How can we be attached to our source of spirituality if we are able to destroy others with our tongue? This is a question that every generation has asked and every rav has had to grapple with. There are those who will allow themselves to use evil talk (and all such mutterings are evil) with a sense of righteousness. We all seek to make that which is reprehensible more palatable by bringing a dynamic of holiness into play. Soon the worst slander is used “leshem Shamayim,” in the name of all that is holy and pure. It’s as if Hashem can’t run His world, God forbid, without our sticking in some sensational tidbits. The yetzer hara, the evil inclination, has so many ways to capture us, and the use of evil talk is one of his more exciting and soul-destroying ones.

Evil talk not only destroys the one spoken of, but it also corrupts the speaker and his listener. The long, nourishing root that attaches us to Hashem becomes rotten with each such act. The speaker becomes enamored by the sounds of his own wickedness, and soon the very reason for such actions is forgotten in the quest for ever more destructive talk.

There is an expression used in the military: the “fog of war.” On a battleground, there is often chaos that is like a fog, a mist that denies the combatants all ability to discern what is really going on. Many times this is the case when people become embroiled in communal disputes, or even disputes closer to the family unit. We soon see what is called “collateral damage” (another military term), which is a euphemism for the destruction of innocent bystanders.

How often do we see this in our own unheroic lives! People get embroiled in a disagreement, and soon the rumors are flying thick and fast. Innocent people are dragged in, and all is seen as “fair” in a war that really has no purpose.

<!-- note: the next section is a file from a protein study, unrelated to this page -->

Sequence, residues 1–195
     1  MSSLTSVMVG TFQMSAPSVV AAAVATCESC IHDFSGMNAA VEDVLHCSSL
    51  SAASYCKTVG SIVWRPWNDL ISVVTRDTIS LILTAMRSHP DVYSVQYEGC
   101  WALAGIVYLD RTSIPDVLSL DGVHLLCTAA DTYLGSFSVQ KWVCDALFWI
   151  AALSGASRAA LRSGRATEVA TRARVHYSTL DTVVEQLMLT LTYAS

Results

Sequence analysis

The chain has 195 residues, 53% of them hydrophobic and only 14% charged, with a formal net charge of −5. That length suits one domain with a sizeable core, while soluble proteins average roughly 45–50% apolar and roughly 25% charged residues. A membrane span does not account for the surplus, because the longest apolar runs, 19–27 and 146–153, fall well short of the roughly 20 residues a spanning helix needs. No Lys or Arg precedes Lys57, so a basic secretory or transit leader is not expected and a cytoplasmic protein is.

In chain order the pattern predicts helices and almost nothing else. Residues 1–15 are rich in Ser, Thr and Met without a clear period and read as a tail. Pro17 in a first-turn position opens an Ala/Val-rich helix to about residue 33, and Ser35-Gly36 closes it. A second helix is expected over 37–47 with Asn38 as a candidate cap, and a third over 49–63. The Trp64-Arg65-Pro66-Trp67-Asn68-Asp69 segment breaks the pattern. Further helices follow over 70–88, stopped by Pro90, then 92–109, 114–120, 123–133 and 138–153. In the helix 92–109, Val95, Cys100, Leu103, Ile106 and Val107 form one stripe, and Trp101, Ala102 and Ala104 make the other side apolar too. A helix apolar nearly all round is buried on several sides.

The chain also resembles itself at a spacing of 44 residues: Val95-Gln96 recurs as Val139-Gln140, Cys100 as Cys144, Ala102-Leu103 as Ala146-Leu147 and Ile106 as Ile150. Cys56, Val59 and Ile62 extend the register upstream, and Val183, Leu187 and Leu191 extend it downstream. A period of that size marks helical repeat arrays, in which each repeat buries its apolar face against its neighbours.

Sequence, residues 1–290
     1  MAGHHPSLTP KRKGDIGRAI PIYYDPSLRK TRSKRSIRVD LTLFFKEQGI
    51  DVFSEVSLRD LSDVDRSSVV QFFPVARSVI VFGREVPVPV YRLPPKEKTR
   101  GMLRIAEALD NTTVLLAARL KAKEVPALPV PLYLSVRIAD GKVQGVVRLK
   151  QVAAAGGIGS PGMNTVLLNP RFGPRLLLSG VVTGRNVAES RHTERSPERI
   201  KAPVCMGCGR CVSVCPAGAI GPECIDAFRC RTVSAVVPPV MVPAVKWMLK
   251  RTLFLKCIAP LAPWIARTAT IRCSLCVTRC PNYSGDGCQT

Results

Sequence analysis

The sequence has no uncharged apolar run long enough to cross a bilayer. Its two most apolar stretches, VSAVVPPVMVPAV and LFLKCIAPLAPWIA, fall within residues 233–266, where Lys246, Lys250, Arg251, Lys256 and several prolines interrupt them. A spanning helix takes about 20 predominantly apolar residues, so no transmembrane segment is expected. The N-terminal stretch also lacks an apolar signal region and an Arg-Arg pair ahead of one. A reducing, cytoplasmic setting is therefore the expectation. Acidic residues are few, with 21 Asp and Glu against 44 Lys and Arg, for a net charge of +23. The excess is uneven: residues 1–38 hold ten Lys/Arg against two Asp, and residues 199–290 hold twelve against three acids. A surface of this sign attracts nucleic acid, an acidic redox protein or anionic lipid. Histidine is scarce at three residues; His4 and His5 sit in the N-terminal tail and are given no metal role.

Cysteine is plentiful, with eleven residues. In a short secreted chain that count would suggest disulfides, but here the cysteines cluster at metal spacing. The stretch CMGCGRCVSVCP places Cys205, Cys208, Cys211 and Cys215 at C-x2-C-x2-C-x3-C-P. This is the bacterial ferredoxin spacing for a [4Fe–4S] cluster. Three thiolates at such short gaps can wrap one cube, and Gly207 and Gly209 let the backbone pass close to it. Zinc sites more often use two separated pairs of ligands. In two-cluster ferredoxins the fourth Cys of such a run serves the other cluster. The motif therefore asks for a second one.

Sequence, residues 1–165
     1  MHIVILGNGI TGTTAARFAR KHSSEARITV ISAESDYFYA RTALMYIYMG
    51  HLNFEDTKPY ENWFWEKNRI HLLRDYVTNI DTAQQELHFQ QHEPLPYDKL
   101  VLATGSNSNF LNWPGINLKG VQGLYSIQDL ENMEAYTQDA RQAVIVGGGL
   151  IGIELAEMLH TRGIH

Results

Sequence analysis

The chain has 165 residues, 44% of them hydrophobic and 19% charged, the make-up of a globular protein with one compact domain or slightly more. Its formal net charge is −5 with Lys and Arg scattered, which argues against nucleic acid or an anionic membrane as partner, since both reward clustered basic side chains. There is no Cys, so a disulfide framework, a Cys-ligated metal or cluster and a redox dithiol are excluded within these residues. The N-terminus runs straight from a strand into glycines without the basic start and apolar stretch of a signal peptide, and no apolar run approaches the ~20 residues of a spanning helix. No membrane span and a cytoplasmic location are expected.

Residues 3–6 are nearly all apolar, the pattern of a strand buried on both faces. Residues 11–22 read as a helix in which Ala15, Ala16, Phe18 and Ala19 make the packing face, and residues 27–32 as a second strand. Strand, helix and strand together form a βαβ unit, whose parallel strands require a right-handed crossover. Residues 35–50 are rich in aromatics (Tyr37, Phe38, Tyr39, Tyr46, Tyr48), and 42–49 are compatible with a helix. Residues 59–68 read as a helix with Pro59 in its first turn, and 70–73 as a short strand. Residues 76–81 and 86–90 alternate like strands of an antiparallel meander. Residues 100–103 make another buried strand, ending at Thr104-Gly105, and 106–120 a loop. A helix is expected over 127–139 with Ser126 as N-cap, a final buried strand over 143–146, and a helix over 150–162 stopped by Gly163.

Friends, I have seen families broken, marriages crushed, and good lives made intolerable with just a few words of evil content.

David speaks openly about his own experiences as a victim of slander, which destroyed a whole city of innocent souls. He leaves us the fifty- second Psalm as a maskil, an instruction, so that we can learn from what he went through and see what angry jealousy reaps.

First, a small history lesson is in order.

David was forced to flee because of the jealousy of his father-in-law, Shaul. Starving and unarmed, David came to Nov, a city of kohanim and the place where the Tabernacle was then situated. He asked Achimelech the kohen for some bread and a sword. The kohen thought that David was on a mission for King Shaul and gave him whatever supplies he could. His deed was witnessed by Do’eg, who was in the city on a spiritual retreat in the Tabernacle. Achimelech’s innocent act of kindness was reported back to Shaul in such a manner that the insecure king was certain it was a conspiracy. He ordered the entire city to be destroyed, a horrific act carried out only because of the treacherous slander.